Food lexicon


The small, round vitamin C bomb that always tastes good.

Just two oranges a day are enough to cover your daily vitamin C requirement and it has a host of other health benefits.

The Orange – Health Benefits of the Most Popular Citrus Fruit in the World

Oranges taste wonderfully sweet and contain plenty of valuable nutrients. Thanks to their high vitamin C content, they are particularly popular in winter for preventing colds. The vitamin B content in the fruit encourages the production of endorphins, which encourage feelings of contentment and serenity. As oranges are low calorie, they are ideal as a healthy snack. They can also be used in a multitude of ways for cooking and are available year-round – what more could you want from a fruit?


Food Facts





42 kcal per 100 g


8.3g carbohydrates, 1.6g fibre, 0g fat, 0g protein per 100g


available year-round


store in a cool, dry place

Shelf life

up to 6 weeks

The Orange - Origin and Cultivation

Originally oranges are from China and were known as “Chinese apples” for a long time. The orange is a cross between a tangerine and a grapefruit, which is available in many different types. The bitter orange has been cultivated in Italy since the 11th century, but its sweeter counterpart didn’t make it to Europe until the 15th century.

In Switzerland the orange wasn’t widely distributed until the 19th century. At first it was used almost exclusively for desserts and was viewed as an expensive luxury good, but by the mid-20th century the orange was available for everyone during the Christmas season. This was due to imports from Mediterranean countries becoming more affordable and the fact that oranges were in season there during the Christmas months. Overseas oranges are in season during Swiss winter and spring, making the fruits available at affordable prices year-round.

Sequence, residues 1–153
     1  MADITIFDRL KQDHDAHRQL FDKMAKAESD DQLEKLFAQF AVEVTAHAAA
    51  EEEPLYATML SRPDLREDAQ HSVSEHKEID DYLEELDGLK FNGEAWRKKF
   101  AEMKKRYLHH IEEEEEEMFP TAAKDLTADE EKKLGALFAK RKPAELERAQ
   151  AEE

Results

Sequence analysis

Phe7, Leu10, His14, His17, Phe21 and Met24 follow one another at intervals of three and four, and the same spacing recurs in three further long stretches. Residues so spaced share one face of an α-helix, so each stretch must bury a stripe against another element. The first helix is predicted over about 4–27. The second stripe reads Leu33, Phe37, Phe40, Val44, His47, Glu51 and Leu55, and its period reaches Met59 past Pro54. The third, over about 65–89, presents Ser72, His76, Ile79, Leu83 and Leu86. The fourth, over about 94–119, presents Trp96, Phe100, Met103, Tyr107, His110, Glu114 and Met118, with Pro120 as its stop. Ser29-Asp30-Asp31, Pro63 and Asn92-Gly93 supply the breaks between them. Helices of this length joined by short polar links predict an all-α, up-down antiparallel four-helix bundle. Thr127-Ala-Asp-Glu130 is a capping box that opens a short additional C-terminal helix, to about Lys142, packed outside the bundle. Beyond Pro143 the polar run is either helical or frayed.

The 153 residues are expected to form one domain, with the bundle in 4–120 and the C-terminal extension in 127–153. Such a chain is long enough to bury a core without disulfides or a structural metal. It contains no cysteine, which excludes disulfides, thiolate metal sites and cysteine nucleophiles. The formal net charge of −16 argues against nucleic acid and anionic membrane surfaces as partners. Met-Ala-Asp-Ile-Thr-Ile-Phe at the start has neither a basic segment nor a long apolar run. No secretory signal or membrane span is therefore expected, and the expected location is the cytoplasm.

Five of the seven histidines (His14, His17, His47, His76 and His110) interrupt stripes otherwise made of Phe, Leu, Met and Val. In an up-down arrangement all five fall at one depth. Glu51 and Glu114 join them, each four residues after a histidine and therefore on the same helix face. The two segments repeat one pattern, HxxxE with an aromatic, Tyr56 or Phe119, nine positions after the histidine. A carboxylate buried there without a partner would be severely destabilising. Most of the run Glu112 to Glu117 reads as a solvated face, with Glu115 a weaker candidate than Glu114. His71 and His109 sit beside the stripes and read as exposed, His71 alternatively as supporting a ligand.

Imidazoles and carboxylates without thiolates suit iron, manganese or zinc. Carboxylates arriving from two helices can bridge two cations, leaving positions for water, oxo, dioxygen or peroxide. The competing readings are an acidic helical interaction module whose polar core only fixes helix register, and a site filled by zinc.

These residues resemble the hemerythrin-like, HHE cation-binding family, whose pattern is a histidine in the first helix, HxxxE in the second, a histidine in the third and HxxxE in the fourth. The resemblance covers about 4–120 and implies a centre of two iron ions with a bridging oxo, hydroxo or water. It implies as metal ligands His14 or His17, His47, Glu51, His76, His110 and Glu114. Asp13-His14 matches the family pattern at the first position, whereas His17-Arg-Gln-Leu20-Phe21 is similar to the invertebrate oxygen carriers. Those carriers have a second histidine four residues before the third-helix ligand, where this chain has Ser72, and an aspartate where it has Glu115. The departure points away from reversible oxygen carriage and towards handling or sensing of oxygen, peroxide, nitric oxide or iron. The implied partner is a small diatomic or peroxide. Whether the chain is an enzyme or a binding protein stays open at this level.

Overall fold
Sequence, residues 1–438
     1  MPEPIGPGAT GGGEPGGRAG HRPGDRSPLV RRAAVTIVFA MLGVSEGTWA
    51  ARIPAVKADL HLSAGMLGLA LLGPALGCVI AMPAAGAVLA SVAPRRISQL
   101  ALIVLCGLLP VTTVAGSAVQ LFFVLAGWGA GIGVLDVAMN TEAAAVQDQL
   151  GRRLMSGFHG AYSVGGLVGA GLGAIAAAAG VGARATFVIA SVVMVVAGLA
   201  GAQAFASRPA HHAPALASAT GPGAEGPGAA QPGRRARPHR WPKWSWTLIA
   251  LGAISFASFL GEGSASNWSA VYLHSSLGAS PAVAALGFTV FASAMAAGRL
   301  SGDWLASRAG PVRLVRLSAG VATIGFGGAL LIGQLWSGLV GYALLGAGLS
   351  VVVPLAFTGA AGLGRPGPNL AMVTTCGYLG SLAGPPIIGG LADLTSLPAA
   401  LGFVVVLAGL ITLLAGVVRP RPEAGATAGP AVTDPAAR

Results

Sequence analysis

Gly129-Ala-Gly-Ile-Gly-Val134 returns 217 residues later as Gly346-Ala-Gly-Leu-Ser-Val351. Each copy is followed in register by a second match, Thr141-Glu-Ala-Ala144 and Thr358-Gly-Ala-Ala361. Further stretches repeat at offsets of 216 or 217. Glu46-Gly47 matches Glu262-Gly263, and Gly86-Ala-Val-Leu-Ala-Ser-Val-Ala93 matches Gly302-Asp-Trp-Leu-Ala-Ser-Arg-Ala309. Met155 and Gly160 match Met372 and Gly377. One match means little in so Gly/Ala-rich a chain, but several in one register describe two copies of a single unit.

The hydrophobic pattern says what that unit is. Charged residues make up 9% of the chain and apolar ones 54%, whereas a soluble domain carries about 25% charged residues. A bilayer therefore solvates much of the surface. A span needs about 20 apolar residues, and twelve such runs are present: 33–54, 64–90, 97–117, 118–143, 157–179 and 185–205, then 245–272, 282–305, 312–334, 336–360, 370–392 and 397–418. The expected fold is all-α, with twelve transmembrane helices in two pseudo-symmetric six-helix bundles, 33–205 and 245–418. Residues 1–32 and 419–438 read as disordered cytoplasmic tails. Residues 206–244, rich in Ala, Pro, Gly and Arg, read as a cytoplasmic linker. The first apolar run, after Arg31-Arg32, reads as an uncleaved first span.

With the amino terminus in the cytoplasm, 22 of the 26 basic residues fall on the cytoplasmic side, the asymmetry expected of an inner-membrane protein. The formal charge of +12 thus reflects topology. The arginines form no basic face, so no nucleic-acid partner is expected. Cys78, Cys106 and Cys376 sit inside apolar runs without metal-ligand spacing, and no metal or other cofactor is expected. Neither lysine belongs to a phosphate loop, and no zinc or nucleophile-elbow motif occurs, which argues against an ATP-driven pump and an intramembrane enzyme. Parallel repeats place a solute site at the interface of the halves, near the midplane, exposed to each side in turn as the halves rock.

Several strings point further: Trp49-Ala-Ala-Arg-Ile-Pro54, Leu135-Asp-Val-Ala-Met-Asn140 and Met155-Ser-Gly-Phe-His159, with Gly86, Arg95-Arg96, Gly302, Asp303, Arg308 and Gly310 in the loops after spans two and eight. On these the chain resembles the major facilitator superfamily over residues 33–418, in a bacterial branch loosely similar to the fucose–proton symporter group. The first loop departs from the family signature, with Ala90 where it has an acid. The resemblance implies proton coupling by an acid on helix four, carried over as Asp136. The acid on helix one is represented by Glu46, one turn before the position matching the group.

Nowadays oranges are cultivated on almost all continents. The biggest exporters of oranges are Brazil, the USA and Mexico. Here in Central Europe, Swiss people mainly consume oranges from Spain. The fruit requires a lot of water, sun and warmth to grow. Once a tree has reached three years of age it can bear fruits, which take 6 to 19 months to ripen. As they do not continue to ripen once picked, they must be harvested and processed quickly once they have reached maturity. 

The Orange - Endless Types, Endless Ways to Serve

If you think of oranges, you can almost taste their sweet, fresh taste in your mouth. This taste is characteristic of sweet oranges, of which the blond orange, the navel orange and the blood orange are examples. These popular types of oranges are commonly consumed raw or as juice. The blood orange especially makes for an appealing-looking, slightly bitter juice due to its striking red flesh. Sweet oranges are also perfect ingredients for desserts and salads.

The bitter orange tastes, as its name suggests, bitter. The bitter orange is also known as Seville orange. It is not only consumed, but is also used to produce cosmetic products. Bitter oranges are smaller than their sweet relatives and protected by a thick layer of peel. This thick peel is often candied and eaten as a sweet, or used for baking. Bitter oranges are also a common ingredient in marmalade. Squeezed, its juice is used in lemonade, orange liqueur and tea.

Whether raw, as juice, in ice cream, in cakes or in a sauce accompanying duck breast – oranges go well in many dishes. If you want to make the most of the high-vitamin, low-calorie nature of the orange it is best consumed in its natural state. To get the full nutritional value it should be consumed with the white skin, as it contains many secondary phytochemicals. For more ideas, have a look at our recipes.


Orange Recipes

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